Ali shared that he and his cousin Ahmad were kept at a four-floor building in Phnom Penh. Approximately 60-80 workers were inside the platform or hall, sitting beside each other like call center agents. He estimated that there were over a thousand foreign workers who were trapped in the building. At their ‘platform’, there was a man who was in-charged of checking if anyone is breaking the rules (e.g. using the phone, emailing anyone, sleeping or resting).

“If we break any rules, they will deduct USD 50 in each violation,” he added. Unfortunately, I committed two violations when I tried to call and send an email to our embassy to report our whereabouts. I was not successful. The manager broke my phone, and I was physically beaten.”

Ali received a monthly wage of USD 1,000 but after the third month, the manager stopped paying him. He attempted to file for a resignation but the manager told him to recruit two more workers in lieu of his release.

“I was forced to scam five people daily and entice them to join cryptocurrency investment schemes or deposit money into gaming accounts,” shares Ali.

The manager pressured the workers to meet their targets. If they try to escape or resist, they will be starved and beaten as punishment. And if they don’t meet the quota, corresponding fines are deducted from their salary.

“I felt helpless taking away money from other people. There were many nights I couldn’t sleep well because of guilt, but I had no other choice,” recounts Ali.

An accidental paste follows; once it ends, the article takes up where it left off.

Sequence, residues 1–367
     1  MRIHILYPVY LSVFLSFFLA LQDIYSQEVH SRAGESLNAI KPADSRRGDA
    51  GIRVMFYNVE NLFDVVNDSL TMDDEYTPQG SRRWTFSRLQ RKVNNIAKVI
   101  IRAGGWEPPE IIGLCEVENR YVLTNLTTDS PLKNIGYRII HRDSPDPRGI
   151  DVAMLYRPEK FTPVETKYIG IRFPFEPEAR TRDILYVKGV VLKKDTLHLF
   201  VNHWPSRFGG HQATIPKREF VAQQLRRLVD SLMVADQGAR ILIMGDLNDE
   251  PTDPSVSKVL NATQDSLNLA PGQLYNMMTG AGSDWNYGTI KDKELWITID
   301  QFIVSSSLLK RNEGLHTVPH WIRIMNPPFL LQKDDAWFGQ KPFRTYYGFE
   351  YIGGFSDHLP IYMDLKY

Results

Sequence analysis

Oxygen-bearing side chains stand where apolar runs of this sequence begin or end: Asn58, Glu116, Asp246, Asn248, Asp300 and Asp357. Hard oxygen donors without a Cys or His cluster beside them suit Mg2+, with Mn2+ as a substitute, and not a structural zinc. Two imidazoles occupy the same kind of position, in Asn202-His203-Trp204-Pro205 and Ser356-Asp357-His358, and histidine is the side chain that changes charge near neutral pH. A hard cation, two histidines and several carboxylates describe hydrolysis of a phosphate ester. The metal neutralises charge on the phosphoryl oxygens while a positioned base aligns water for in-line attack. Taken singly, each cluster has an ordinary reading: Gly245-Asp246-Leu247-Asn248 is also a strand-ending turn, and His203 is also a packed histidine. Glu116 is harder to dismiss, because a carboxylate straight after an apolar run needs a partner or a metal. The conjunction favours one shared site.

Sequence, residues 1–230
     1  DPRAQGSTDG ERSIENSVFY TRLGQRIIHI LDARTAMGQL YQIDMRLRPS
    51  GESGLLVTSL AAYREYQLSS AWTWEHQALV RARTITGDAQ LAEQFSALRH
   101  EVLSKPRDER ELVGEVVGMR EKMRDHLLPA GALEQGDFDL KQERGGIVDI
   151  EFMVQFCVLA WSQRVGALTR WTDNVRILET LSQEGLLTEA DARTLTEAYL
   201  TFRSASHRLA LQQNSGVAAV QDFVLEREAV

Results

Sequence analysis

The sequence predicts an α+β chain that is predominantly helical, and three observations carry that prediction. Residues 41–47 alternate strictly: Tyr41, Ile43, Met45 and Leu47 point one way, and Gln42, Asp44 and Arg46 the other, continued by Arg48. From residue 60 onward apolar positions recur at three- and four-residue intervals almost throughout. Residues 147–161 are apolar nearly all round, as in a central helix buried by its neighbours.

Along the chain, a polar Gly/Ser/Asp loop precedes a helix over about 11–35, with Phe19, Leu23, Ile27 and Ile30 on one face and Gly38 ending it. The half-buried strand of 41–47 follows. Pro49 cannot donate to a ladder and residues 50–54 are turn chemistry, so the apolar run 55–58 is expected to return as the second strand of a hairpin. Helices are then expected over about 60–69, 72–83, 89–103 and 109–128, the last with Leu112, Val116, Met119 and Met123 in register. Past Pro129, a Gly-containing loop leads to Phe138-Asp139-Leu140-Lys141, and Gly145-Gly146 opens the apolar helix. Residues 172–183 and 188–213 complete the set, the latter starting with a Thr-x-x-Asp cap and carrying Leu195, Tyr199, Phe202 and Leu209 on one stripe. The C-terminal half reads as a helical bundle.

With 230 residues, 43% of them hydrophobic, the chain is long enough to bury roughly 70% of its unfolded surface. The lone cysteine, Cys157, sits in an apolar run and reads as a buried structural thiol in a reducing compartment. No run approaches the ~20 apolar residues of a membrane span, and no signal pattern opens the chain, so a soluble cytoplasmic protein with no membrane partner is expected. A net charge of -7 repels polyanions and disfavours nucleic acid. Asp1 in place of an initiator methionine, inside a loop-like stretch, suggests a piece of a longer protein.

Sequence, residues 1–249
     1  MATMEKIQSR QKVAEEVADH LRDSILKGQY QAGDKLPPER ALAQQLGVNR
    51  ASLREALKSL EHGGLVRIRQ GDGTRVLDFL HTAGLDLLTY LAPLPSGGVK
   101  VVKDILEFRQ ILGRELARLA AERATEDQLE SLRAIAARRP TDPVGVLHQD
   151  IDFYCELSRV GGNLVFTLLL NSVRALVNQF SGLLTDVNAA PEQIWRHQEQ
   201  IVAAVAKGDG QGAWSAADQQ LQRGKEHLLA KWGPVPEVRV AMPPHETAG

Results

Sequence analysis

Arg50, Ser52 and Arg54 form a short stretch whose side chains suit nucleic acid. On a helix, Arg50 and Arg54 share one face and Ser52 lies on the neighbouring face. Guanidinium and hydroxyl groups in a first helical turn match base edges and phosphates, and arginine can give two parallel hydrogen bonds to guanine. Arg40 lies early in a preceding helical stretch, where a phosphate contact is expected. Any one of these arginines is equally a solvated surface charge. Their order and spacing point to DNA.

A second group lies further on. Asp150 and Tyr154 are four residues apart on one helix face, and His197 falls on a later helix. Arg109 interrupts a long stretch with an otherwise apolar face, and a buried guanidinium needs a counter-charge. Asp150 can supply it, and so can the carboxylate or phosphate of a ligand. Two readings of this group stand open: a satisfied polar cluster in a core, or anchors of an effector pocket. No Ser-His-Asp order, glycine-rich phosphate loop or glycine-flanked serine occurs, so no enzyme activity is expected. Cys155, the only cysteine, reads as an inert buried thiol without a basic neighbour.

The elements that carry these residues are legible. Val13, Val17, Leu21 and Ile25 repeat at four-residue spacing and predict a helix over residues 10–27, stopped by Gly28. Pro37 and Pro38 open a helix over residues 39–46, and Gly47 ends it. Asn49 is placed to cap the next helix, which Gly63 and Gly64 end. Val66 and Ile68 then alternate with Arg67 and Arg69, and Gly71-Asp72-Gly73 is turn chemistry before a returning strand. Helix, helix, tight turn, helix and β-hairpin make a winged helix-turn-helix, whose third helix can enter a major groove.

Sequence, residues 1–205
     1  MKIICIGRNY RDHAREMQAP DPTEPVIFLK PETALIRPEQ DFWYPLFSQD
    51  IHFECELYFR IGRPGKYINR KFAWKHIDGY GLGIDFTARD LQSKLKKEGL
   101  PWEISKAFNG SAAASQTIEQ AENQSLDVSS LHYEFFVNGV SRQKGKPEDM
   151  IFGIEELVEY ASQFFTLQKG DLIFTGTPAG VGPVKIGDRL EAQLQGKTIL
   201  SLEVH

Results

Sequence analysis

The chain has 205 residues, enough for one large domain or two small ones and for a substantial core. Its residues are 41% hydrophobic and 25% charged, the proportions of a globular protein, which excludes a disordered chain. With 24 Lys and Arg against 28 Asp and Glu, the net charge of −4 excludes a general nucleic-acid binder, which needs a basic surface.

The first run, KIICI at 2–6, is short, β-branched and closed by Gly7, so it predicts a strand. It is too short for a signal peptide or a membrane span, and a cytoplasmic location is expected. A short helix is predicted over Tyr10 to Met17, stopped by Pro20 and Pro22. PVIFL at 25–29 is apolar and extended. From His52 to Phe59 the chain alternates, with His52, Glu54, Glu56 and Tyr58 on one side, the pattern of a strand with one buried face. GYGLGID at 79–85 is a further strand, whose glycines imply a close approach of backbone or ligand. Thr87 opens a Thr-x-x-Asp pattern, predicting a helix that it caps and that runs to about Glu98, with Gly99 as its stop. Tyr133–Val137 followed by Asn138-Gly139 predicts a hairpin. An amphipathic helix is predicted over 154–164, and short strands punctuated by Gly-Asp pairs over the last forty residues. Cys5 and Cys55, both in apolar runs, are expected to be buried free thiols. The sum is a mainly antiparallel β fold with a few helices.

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Light at the end of the tunnel

Luckily, one of Ali’s co-workers called the Cambodia police hotline IJM gave to seek help. After spending five months trapped in a secured building in Phnom Penh, Ali and six other workers were released from the compound the following morning. The Chinese scam operation moved out of the building shortly after the rescue.

IJM assisted Ali, Ahmad, and some other survivors by providing  food, basic necessities and repatriation support. Over the last 18 months, IJM has collaborated with the concerned embassies and Cambodian National Police to remove over 100 victims of labor trafficking from scamming compounds and help ensure safe repatriation.

IJM signed Memorandum of Understanding with Cambodian Ministry of Interior

IJM signed a memorandum of understanding with the Cambodian Ministry of Interior. (Photo by the Ministry of Interior)

“We commend the recent proactive raids and rescues as well as positive recent statements from the government declaring a commitment to address the issue of human trafficking in Cambodia . IJM believes that strong victim identification processes and perpetrator accountability are also urgently needed to ensure protection of the vulnerable workers being removed from compounds around the country,” says Jacob Sims, IJM Cambodia Country Director.

*Pseudonym used

“Going out from the compound was like seeing the light at the end of the tunnel – it was the best thing that happened to me,” says Ali.